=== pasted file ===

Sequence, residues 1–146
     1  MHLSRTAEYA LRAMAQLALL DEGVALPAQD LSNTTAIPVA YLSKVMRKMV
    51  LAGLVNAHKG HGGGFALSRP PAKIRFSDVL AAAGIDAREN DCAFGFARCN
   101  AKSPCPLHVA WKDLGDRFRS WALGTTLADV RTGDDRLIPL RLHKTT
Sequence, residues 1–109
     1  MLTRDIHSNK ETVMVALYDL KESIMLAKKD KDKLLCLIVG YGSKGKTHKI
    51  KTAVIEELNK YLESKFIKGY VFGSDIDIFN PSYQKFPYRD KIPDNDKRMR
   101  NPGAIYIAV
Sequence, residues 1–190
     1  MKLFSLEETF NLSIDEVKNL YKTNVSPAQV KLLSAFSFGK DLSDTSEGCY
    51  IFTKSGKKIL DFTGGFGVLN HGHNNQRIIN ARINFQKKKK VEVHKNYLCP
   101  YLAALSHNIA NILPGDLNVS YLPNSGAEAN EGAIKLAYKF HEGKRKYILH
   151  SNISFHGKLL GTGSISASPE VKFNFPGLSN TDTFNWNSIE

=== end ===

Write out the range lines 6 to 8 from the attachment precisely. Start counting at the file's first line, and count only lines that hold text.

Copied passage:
     1  MLTRDIHSNK ETVMVALYDL KESIMLAKKD KDKLLCLIVG YGSKGKTHKI
    51  KTAVIEELNK YLESKFIKGY VFGSDIDIFN PSYQKFPYRD KIPDNDKRMR
   101  NPGAIYIAV